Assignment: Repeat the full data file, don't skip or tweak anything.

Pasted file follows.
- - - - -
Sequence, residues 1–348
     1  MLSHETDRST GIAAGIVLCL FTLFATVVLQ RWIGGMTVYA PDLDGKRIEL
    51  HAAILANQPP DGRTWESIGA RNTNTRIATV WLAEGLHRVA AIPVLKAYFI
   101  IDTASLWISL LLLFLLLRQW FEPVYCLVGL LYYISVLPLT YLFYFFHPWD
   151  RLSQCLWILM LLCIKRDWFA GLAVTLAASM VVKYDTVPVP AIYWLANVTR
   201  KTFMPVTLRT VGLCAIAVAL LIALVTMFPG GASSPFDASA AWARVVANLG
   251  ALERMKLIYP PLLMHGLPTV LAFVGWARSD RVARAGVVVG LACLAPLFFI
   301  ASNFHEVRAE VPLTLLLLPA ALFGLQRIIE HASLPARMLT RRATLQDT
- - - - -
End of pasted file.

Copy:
Sequence, residues 1–348
     1  MLSHETDRST GIAAGIVLCL FTLFATVVLQ RWIGGMTVYA PDLDGKRIEL
    51  HAAILANQPP DGRTWESIGA RNTNTRIATV WLAEGLHRVA AIPVLKAYFI
   101  IDTASLWISL LLLFLLLRQW FEPVYCLVGL LYYISVLPLT YLFYFFHPWD
   151  RLSQCLWILM LLCIKRDWFA GLAVTLAASM VVKYDTVPVP AIYWLANVTR
   201  KTFMPVTLRT VGLCAIAVAL LIALVTMFPG GASSPFDASA AWARVVANLG
   251  ALERMKLIYP PLLMHGLPTV LAFVGWARSD RVARAGVVVG LACLAPLFFI
   301  ASNFHEVRAE VPLTLLLLPA ALFGLQRIIE HASLPARMLT RRATLQDT